“Being Canadian, it is about our values”

Edited by Anna Popper

Canada Day is a day of national pride and patriotism, a significant national holiday, observed annually on the 1st July. It commemorates the British North America Act (now known as the Constitution Act) of 1867, which united the colonies of New Brunswick, Nova Scotia, Ontario and Quebec into a single Dominion called Canada. This act granted Canada more autonomy from Britain and established a federal system of government. It was a significant step towards Canadian nationhood and self-governance, and over time Canada gained more independence from Britain. The Constitution Act also allowed the admission of other territories and provinces into the Dominion of Canada. Over the years it indeed facilitated the country’s growth and expansion into its present form and Canada continued to evolve as a nation. Canada Day is a time for Canadians to celebrate their history, culture and identity through various festivities, including parades, fireworks, concerts and cultural events across the country. It is a great opportunity for them to reflect on their heritage and appreciate the values of diversity, freedom and unity that define their country.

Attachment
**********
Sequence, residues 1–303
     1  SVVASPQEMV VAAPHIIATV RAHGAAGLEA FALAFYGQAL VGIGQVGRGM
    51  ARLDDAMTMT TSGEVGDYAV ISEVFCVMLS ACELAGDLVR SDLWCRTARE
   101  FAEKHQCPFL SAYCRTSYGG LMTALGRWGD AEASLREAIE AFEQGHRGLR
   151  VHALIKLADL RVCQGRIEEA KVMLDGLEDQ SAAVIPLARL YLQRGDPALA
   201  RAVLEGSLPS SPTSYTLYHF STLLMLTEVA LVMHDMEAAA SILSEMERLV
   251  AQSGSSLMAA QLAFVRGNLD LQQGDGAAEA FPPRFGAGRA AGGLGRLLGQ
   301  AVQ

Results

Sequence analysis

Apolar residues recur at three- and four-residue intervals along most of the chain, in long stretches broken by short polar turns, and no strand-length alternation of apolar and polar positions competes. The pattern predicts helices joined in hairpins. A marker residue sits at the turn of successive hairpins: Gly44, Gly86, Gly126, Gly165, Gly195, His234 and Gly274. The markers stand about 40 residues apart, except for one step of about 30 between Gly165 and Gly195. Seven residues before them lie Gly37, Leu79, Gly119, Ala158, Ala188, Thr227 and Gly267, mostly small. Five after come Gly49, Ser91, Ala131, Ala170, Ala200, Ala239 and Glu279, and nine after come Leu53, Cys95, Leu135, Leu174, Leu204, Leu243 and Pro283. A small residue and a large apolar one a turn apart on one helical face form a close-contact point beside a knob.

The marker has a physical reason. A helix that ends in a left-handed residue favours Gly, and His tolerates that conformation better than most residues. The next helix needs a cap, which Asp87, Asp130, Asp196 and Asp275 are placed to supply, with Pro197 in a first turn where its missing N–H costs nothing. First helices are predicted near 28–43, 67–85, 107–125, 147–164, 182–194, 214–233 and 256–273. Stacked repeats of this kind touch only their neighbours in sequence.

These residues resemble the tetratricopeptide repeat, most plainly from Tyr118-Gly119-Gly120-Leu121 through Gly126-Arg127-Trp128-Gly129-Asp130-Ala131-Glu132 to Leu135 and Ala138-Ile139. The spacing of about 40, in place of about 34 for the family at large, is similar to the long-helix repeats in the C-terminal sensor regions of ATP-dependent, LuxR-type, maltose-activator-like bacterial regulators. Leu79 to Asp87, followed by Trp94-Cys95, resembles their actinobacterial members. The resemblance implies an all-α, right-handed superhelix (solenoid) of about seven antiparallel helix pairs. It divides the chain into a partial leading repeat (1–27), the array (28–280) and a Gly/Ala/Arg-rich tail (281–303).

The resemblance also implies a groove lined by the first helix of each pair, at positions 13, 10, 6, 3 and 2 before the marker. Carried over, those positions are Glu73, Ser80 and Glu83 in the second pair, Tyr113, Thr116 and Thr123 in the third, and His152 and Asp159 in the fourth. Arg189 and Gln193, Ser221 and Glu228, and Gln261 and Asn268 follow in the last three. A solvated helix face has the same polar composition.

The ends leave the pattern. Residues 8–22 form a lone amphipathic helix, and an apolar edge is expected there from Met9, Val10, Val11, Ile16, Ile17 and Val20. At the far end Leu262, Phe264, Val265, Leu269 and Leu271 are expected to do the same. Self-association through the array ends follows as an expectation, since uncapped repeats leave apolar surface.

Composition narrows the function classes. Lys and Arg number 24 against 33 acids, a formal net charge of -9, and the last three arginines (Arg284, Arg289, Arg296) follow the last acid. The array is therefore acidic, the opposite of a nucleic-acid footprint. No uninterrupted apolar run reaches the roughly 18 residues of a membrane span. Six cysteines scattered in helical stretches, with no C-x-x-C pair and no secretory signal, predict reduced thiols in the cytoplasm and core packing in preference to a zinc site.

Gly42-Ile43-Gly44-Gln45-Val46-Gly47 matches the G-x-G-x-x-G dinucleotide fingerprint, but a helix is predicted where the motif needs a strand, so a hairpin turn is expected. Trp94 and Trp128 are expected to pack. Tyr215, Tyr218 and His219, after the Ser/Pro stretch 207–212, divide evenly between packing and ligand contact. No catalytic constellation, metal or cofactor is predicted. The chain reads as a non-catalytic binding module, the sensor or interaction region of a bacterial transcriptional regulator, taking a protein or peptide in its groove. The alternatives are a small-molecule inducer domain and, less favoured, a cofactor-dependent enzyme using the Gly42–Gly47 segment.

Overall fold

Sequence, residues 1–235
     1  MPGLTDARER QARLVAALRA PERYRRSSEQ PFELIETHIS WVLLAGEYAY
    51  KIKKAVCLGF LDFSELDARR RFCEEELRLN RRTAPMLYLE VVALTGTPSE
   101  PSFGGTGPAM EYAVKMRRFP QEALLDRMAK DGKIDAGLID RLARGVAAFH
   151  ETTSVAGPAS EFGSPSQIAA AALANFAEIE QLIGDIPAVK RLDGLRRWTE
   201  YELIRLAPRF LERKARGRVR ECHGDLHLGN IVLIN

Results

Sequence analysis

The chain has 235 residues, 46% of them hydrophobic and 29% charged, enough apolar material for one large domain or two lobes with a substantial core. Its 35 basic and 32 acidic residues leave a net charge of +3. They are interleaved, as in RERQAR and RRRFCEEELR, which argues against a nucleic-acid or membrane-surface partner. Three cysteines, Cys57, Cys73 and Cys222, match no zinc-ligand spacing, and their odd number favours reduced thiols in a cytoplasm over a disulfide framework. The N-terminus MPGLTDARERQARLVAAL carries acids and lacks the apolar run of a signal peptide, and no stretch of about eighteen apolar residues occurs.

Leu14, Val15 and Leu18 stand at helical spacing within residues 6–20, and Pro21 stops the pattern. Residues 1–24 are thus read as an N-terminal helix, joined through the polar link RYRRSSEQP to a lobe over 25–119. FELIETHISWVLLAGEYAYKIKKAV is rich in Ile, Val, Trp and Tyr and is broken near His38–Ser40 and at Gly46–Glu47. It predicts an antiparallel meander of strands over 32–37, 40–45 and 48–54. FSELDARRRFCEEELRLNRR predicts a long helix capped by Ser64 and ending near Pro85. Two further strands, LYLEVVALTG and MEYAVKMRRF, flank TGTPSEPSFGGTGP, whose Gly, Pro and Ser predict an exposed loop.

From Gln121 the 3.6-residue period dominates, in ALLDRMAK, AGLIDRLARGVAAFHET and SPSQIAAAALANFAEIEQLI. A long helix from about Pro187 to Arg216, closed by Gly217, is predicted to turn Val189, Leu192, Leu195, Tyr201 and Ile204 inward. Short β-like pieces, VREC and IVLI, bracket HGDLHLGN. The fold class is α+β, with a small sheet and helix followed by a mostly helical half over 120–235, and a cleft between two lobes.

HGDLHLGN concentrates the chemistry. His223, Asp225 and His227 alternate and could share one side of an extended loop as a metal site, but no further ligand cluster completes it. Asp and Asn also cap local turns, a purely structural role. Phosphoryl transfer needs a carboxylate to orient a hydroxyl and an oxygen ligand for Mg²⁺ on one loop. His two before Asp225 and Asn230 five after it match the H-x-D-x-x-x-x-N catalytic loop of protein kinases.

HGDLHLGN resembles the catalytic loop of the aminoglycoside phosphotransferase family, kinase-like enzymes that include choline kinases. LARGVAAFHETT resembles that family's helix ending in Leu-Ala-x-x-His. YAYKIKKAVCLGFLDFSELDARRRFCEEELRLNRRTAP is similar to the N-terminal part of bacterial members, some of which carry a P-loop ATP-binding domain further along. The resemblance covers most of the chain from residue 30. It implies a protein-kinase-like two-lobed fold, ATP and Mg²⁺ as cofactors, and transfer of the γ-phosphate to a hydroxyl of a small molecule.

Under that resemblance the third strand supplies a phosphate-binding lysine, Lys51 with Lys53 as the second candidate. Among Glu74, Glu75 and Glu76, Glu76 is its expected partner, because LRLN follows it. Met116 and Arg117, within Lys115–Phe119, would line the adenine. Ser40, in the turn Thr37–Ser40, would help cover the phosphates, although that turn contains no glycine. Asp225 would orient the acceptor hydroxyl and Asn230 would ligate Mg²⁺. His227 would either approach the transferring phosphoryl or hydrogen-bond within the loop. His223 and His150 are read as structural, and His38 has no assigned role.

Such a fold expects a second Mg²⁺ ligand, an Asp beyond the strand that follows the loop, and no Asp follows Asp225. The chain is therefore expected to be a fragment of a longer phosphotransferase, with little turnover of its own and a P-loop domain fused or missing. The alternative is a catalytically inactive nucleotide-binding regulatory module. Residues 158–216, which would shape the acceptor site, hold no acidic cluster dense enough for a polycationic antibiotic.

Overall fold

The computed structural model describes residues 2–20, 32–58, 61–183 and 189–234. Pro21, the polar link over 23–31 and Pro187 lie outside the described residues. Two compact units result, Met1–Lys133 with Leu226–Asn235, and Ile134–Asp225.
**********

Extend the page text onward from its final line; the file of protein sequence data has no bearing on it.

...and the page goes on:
The Canada Day in Budapest was a splendid and memorable celebration. H.E. Caroline Charette, Ambassador of Canada to Hungary hosted a grand reception at the magnificently restored Károlyi-Csekonics Palace, adding to the charm of the celebration.

After a successful four-year diplomatic mission, the Ambassador bids farewell to Hungary and faces new assignments and challenges upon returning home.

The list of participants at the event was quite impressive, featuring senior officials of the Hungarian political sphere, members of the diplomatic corps, business executives, representatives of the academic and cultural circles, Canadian nationals and friends of Canada, which is considered a global role model in many aspects.